- November 2010
- Vol. 11, No. 9
Adoption for Older Youth
Recognizing that older youth in foster care often refuse to consider adoption because they fear losing connections with their birth family, the Children's Bureau funded nine grantees in 2005 for projects that would promote adoption while maintaining birth family connections. The Adoption Opportunities grant "Improving Permanency Outcomes by Developing Services and Supports for Youth Who Wish to Retain Contact With Family Members" provided grantees with both funding and a mutual support group as they implemented and evaluated their projects over the subsequent 5 years.
You Gotta Believe!, based in New York City, used its grant to work with youth in foster care in Nassau and Suffolk Counties on Long Island. County social workers referred teens who were resistant to adoption to the Long Island Opening Adoption's Door to Teens Project. Instead of accepting the teens' resistance, project staff used one-on-one counseling sessions with each teen to identify why the teen objected to the idea of adoption. In counseling, the teens were able to discuss their fears about losing connections with siblings, parents, and other important people in their lives, and they received assurance that adoption would not end those ties. Over the course of six to eight counseling sessions, the teens' reluctance was addressed, the benefits of open adoption were discussed, and staff were able to proceed to help the teens find families.
In addition to helping the teens accept and welcome the idea of adoption, the project had four other components:
- Making foster parents of teens aware of the urgency of permanency so that they would either adopt the teens or help them find an adoptive family
- Training all staff who work with teens in any capacity about the urgency of permanency
- Training prospective adoptive parents about the importance of helping the teens maintain their ties to their birth families and other important people
- Providing many opportunities for teens to connect with prospective families, for instance, having teens serve as training consultants, work in the agency office, attend events, and serve on panels
As part of the overall grant process, You Gotta Believe! and the other grantees participated in quarterly phone calls and annual meetings at which they shared their ideas, findings, and resources. According to Pat O'Brien, Executive Director of You Gotta Believe!, one of the ideas that arose again and again turned out to be particularly useful: Several of the programs recruited adults as mentors or weekend parents or just friends for the teens. These were adults who were willing to have a long-term relationship with a teen but were not willing or able to adopt. Hearing that idea, You Gotta Believe! staff decided to implement it and take it one step further. Adults are starting to be recruited and "deputized" to establish relationships with the teens and then go out and find permanent families for them. The adults will take teens to family reunions, escort them to meet and greets, and involve themselves in other events in teens’ lives where they might meet prospective permanent families. In this way, the project will enlarge its recruitment staff by using volunteers, and the teens will establish ongoing relationships with other adults who care about them and want to help them find their lifetime permanent families.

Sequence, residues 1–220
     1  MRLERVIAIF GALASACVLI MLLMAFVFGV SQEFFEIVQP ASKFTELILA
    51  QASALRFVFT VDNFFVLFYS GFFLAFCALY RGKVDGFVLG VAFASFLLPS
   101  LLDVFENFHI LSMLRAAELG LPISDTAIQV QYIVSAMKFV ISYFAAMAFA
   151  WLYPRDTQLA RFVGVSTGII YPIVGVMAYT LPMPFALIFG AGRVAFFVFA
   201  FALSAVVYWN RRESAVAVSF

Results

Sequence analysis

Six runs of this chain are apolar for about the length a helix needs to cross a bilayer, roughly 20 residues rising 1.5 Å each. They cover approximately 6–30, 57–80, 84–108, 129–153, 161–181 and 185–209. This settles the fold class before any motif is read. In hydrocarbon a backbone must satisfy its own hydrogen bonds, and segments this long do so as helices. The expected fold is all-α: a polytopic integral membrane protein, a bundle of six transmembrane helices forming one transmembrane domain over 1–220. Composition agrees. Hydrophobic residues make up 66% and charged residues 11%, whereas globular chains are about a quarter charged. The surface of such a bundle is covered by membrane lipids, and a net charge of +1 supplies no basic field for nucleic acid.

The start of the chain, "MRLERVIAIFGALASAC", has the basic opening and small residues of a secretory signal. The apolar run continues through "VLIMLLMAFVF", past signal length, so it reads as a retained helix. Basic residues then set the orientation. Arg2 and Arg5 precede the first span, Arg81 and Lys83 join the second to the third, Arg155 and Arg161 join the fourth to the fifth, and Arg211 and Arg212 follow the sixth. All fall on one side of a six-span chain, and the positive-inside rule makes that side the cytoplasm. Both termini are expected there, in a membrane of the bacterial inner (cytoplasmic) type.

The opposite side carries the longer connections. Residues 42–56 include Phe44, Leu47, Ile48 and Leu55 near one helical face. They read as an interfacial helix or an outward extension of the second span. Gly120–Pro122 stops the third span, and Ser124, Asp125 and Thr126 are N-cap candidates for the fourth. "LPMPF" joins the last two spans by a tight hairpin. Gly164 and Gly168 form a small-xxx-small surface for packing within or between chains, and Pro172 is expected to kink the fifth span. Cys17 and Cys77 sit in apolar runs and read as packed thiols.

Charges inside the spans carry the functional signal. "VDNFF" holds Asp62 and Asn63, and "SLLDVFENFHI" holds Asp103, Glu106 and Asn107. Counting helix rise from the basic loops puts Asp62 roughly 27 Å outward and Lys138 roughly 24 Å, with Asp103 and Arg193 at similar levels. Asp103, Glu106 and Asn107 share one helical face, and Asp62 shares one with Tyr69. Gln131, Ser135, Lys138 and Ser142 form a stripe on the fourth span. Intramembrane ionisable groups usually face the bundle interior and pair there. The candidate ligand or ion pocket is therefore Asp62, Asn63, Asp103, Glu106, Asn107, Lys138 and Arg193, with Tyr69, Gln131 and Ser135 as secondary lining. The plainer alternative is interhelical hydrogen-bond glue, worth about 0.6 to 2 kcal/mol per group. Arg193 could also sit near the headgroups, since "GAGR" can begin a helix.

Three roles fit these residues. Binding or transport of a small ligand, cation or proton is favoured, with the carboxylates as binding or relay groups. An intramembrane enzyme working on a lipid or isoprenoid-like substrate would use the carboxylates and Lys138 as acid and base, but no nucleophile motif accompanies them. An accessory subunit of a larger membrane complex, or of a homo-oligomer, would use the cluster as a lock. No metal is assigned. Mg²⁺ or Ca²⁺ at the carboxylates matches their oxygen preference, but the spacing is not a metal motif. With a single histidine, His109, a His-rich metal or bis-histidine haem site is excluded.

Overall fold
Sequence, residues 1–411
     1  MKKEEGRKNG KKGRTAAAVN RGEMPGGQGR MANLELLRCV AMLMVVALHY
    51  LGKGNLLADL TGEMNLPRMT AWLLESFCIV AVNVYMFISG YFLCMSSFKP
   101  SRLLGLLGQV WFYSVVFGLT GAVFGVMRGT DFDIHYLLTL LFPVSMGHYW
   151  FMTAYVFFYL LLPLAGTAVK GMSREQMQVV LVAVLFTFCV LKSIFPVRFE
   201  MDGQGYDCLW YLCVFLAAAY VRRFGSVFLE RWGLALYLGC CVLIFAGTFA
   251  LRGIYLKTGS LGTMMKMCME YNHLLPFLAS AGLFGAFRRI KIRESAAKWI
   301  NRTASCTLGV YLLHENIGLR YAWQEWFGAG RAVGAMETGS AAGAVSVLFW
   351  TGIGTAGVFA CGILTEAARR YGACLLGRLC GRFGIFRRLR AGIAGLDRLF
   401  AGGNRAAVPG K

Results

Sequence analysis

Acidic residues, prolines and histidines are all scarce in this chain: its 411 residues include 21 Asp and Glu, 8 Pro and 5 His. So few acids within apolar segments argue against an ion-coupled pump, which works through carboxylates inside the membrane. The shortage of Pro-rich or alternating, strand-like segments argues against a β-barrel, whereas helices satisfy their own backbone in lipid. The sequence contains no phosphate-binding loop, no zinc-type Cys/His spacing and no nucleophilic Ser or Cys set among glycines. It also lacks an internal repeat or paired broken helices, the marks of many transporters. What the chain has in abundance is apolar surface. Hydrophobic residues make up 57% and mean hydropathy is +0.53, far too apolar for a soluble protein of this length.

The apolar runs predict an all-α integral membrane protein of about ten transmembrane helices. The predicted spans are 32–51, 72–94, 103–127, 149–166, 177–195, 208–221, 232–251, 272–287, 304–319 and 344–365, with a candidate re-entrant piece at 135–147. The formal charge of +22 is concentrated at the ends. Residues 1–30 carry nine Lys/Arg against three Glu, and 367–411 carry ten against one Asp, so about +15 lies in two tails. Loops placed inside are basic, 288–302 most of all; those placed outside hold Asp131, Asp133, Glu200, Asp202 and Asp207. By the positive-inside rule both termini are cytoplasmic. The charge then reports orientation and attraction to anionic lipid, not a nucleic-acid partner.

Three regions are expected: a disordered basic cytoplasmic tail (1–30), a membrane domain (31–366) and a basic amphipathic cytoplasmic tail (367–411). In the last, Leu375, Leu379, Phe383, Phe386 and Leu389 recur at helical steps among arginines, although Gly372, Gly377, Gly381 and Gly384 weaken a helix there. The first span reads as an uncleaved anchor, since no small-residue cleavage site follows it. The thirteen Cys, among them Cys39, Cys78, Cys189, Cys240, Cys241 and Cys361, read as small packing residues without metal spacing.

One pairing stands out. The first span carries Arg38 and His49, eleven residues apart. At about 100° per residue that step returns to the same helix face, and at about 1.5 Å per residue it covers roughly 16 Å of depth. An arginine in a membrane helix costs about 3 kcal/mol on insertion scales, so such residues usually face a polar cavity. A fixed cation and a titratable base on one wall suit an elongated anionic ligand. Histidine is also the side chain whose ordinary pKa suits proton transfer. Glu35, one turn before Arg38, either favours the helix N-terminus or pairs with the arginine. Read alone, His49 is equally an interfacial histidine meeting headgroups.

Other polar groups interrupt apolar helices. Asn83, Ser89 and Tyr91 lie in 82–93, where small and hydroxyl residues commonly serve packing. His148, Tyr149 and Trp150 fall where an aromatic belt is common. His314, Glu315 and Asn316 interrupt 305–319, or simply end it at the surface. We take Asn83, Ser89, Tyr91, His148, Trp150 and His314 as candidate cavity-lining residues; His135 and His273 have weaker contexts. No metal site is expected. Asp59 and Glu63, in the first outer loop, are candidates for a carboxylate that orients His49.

You Gotta Believe! is wrapping up its Long Island project and expects the evaluation to show that approximately half of the teens referred to the project found families who gave the teens permanency while helping them stay connected with their birth families. Looking ahead, You Gotta Believe! is hoping to incorporate lessons learned from this grant into its future projects for youth. For instance, family-finding techniques and social media (such as Facebook) will be added to the repertoire of tools that staff will use on a regular basis to help older youth in foster care find permanent families. Capitalizing on the networks that teens already have will give teens a greater chance of finding the person or family who can be their "forever family."
For more information on You Gotta Believe!, visit the website:
For more information on the "Improving Permanency Outcomes by Developing Services and Supports for Youth Who Wish to Retain Contact With Family Members" grantees, visit the National Resource Center for Adoption website:
[Editor's note: This link is no longer available.]
Many thanks to Pat O'Brien, Executive Director of You Gotta Believe! for providing the information for this article.